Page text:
North Indian / Railing Pillar with a Woman Beneath a Tree (Shalabhanjika) / Kushan period, 2nd centuryNorth Indian
Railing Pillar with a Woman Beneath a Tree (Shalabhanjika)
Kushan period, 2nd century

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Creator Nationality: Asian; Indian Sub-Continent; Indian
Creator Dates/Places: North Indian
Creator Active Place: North Indian
Creator Name-CRT: North Indian
Title: Railing Pillar with a Woman Beneath a Tree (Shalabhanjika)
View: Full View
Creation Start Date: 100
Creation End Date: 199
Creation Date: Kushan period, 2nd century
Creation Place: India, Uttar Pradesh, Mathura area
Object Type: Sculpture
Materials and Techniques: sandstone
Dimensions: H. 30 3/4 in. (78.1 cm)
AMICA Contributor: Asia Society
Owner Location: New York, New York, USA
ID Number: 1979.001
Credit Line: Asia Society: The Mr. and Mrs. John D. Rockefeller 3rd Collection
Context: Most of the earliest known images of Buddhas and other Buddhist deities were produced in northwest India during the Kushan period, about six hundred years after the religion was founded. The Kushans, descendants of nomads from various parts of Central Asia, had settled in parts of Bactria to the northwest of India and ultimately used this stronghold to form an empire that included eastern Parthia, the Kabul Valley, the Gandhara region of present-day Pakistan, and parts of Kashmir and northern India. Although the exact dates of the Kushan period remain controversial, it is now generally agreed that the 1st through 3rd centuries CE encompass the height of their rule.

There were two major centers of Kushan culture, each with its distinctive style: art from the region of Gandhara shows the impact of Hellenistic and Roman sculpture, owing in part to the sustained effect of Alexander the Great in that part of the world, while art from the city of Mathura in Uttar Pradesh displays a traditional Indian aesthetic. Whereas Gandharan art had a strong influence on early Buddhist art in Central Asia and is also briefly reflected in the earliest Chinese Buddhist material, Mathuran art had a more profound impact on the development of Buddhist art in India and Southeast Asia.

The distinctive red color of this sandstone sculpture of a woman standing beneath a tree is typical of works made in or near the city of Mathura. The proportions of the woman's figure, in particular her full breasts and hips, her physiognomy, her active pose, and the scantiness of her drapery, are characteristic of sculpture from Mathura, where Western art exerted little influence. Fertility figures such as this one play an important role in Indian art. They are among the first images known from India, and beautiful, young, fertile women are found in the religious art of all regions of India from all periods. Images such as this are often called shalabhanjikas, although other terms are also used. In general, a shalabhanjika consists of a tree and a woman, and this motif has been depicted in endless variations. The woman's youth, her voluptuous figure, and her elaborate hairstyle and jewelry characterize shalabhanjika motifs, which represent the eternal procreative forces of nature. The fertility implicit in this type is reiterated by the pose of the figure, as she touches the trunk of the tree with her left foot, a posture that is called dohada. This is a reference to an ancient Indian belief that the touch of a woman can cause a tree to burst into bloom--just as flowers and fruit have burgeoned in the tree above this woman's head.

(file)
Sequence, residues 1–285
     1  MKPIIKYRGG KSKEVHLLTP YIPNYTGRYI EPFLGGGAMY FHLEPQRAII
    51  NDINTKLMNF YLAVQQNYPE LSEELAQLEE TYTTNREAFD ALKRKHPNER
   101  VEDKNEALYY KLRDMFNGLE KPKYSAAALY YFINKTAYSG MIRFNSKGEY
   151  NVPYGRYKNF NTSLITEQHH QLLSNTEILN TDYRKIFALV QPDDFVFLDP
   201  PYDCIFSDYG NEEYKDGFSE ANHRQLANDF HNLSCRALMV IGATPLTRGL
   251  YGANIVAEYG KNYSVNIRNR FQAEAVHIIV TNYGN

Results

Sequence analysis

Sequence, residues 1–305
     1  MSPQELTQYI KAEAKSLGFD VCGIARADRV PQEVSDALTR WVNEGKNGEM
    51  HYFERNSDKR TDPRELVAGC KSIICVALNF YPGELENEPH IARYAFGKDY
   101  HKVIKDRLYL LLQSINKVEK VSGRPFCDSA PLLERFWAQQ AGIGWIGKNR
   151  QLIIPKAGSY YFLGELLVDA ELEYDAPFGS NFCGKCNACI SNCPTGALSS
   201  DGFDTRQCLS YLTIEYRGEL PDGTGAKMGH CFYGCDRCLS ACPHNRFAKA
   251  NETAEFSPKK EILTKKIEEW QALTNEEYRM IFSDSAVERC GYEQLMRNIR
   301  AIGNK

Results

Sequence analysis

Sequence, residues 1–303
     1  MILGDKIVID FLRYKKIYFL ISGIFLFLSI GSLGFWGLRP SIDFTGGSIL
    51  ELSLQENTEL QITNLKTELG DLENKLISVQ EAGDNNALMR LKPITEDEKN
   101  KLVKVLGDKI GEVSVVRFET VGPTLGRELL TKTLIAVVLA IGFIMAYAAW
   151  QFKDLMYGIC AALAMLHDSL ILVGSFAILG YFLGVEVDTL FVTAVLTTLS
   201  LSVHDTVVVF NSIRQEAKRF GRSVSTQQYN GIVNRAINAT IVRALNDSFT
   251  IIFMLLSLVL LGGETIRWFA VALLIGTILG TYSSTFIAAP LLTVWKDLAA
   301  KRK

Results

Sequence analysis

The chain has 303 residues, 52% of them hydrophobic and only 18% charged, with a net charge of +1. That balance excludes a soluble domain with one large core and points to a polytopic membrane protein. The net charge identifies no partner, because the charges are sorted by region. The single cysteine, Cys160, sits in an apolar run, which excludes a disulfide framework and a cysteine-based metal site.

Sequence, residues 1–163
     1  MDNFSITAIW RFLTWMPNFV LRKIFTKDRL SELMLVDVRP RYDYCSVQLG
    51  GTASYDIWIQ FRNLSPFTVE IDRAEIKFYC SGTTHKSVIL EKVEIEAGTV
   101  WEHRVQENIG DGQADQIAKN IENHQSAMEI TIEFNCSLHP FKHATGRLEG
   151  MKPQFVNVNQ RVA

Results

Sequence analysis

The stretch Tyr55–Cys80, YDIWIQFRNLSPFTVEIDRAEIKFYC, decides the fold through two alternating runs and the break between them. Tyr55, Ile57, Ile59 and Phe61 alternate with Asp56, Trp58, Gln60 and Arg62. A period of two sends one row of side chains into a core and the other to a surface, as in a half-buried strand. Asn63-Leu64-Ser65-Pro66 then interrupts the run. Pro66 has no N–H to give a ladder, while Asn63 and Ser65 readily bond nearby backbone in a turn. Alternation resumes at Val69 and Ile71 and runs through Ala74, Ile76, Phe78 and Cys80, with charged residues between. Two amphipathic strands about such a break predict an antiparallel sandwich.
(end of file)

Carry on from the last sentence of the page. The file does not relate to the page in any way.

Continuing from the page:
This example of a shalabhanjika decorates a pillar that was once part of a circular railing used to create a sacred space around a monument such as a stupa, or a religious symbol such as a throne or a tree. The indentations on the sides of the pillar indicate where railings would originally have been inserted. The earliest Indian stupas and other objects of worship were generally undecorated, and most of the imagery associated with these sites are carvings on the railings and pillars that surrounded them. This figure holds a long object, probably an expensive cloth, to offer to the deity worshipped at the sacred space within. Sacred sites and shalabhanjikas were common to all of the religions practiced in Mathura, and it is not certain whether this railing pillar was from a Buddhist, Hindu, or Jain site.

Related Document Description: Asia Society. Handbook of the Mr. and Mrs. John D. Rockefeller 3rd Collection. New York: Asia Society, [1981], p. 7.
Related Document Description: Czuma, Stanislaw J. Kushan Sculpture: Images from Early India. Cleveland: Cleveland Museum of Art, 1985, pp. 12, 13, 94, 95.
Related Document Description: Lee, Sherman E. Asian Art: Selections from the Collection of Mr. and Mrs. John D. Rockefeller 3rd. New York: Asia Society, 1970, pp. 13, 30.
Related Document Description: Newman, Richard. The Stone Sculpture of India: A Study of the Materials Used by Indian Sculptors from ca. 2nd Century B.C. to the 16th Century. Cambridge, Mass.: Harvard University Art Museums, Center for Conservation and Technical Studies, 1984, pp. 43, 52-53, 76, 84.
Related Document Description: Treasures of Asian Art: Selections from the Mr. and Mrs. John D. Rockefeller 3rd Collection, The Asia Society, New York. Hong Kong and Singapore: Hong Kong Museum of Art and National Museum Singapore, 1993, pp. 42, 43.
Related Document Description: Treasures of Asian Art: Selections from the Mr. and Mrs. John D. Rockefeller 3rd Collection, The Asia Society, New York. Tokyo: Idemitsu Museum of Arts, 1992, pp. 37, 118.
AMICA ID: ASIA.1979.001
AMICA Library Year: 1999
Media Metadata Rights: Copyright, Asia Society

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